And let’s recognize and acknowledge that the wealth of Europe has its base in the exploitation of the African continent and the European colonies worldwide – and that they owe the people in Africa, in South America and where ever all the empires stretched for longer or shorter periods of time. Lots of country borders have been drawn on paper and without looking at situation. Lots of governments and dictators came into power because – at that time –   they either belonged to the anti-communist quarters or the other way around. We still haven’t worked it through – and we still are tempted to continue to make the same mistakes again and again. European governments judge not fairly but whatever suits best the Western World – they don’t have the focus on uplifting the people worldwide but what gives them more profit and fosters the lifestyle, Europe and North America wants to keep as long as possible. Let’s be honest: the conviction that we have to develop a new world order, a new way of dealing with each other is still in the infancy of the conscience of human civilization. We have conquered the technology but the rest lacks behind.

Advent – new beginning – may the feeling of being sick and tired of violence turn into a new approach of making the world a more peaceful place on all levels of life – a life to be called to live to the fullest.

Filed under: Africa, General, Politics and Society, Reflection, Religion and Ethics, Society and living environment, Uncategorized, , , , , , , , , , , , , , , , , , , , , , , , , , , , , , , ,

Mandela Day & Tierra, techo y trabajo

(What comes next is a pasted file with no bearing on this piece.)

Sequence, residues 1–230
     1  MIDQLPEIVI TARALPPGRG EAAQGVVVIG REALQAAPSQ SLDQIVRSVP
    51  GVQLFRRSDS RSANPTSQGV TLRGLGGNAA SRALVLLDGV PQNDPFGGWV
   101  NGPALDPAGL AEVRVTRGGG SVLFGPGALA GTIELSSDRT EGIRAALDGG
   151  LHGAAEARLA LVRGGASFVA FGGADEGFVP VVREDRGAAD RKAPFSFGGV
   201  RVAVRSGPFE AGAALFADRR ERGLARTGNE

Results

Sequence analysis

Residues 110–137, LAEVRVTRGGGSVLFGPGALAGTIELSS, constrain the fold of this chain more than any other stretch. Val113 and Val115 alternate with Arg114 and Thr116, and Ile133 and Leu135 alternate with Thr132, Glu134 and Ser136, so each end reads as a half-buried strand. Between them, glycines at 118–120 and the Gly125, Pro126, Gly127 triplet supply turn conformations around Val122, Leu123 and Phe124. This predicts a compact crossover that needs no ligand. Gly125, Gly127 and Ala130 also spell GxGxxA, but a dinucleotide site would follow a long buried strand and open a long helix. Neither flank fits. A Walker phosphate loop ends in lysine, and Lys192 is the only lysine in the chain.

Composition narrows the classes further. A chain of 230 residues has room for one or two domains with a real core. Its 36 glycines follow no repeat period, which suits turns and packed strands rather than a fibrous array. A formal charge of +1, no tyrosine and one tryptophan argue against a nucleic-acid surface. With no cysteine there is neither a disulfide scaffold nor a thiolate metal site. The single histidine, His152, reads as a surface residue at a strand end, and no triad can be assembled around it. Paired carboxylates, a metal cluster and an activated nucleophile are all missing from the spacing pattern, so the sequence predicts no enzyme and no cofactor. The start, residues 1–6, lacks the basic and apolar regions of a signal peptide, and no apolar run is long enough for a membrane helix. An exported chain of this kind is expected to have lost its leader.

Today it happens again like it happened the last years: everybody wants to be involved for 67 minutes – and especially those so-called VIP’s are keen to be seen with children, packing food parcels, donating blankets or whatever – just to make sure that everybody acknowledges their good heart and intention. And I don’t doubt these intentions at all, but I always ask myself what happens after the 67 minutes? What happens to those being fed, being cloth, being catered for the next morning, when they wake up in the same misery as the day before? What’s about the other 365 days and 22 hours and 53 minutes of the year? Waiting for the next Mandela Day – for the next invite to be part of the icon’s legacy? I don’t want to sound sarcastic but while doing also my 67 minutes and more in Blikkiesdorp yesterday morning to honor this legacy – I was looking into the faces of those we served and honestly, I partly felt bad knowing, that the rain jacket, the sweets and the porridge might be the highlight of their day but not changing their lives profoundly. Well, being lucky and knowing, that our organization HOPE Cape Town is working since years in this semi-permanent community I felt assurance that it was not a once off but part of a bigger effort to aid and help this very community of almost 15 000 people at the outskirts of Delft. But it remains that unsatisfactory feeling not being able to do more, to turn around those lives and giving them what Pope Francis described in three Spanish words as the fundamental rights of every human being: Tierra, techo y trabajo.  It was translated into English very loosely “land, roof and work” but I think this translation does not fit exactly the Spanish meaning. What the pope is saying and not only saying but demanding is that everybody has the right to have a piece of land he calls his own and yes, with a roof under which he can lay his head at night. But roof means more, it means a real home, a real protected place he feels secure and safe together with his loved once. And added is the right to have work, to be able to earn a living, a decent living and not a hand-out, not a social grant but the dignity, only own work can bring to a person. And it is about dignity, about the possibility to create and follow your own dream how to live you life, to be able to have a good education, a protected home, a loving family, an honest earned income to sustain this life. We in South Africa are far away from this dream of tierra,techo ytrabajo – not only in Blikkiesdorp but even in the posh suburbs of the cities a protected home seems to be an illusion just reading the headlines of a daily newsletter: robberies, intrusions and murder are making screaming headlines and the private security business is booming. And with more than 24% unemployment and the gross number of social grant recipients we are far away from “work for all” who should be able to do so. Maybe we should think of a Mandela moment next year where we don’t do hand outs but put our minds together and go for real change in distributing wealth and work, in giving more people the chance to get a better education, a real working environment, a chance to proof themselves and earn a decent living. Just a thought…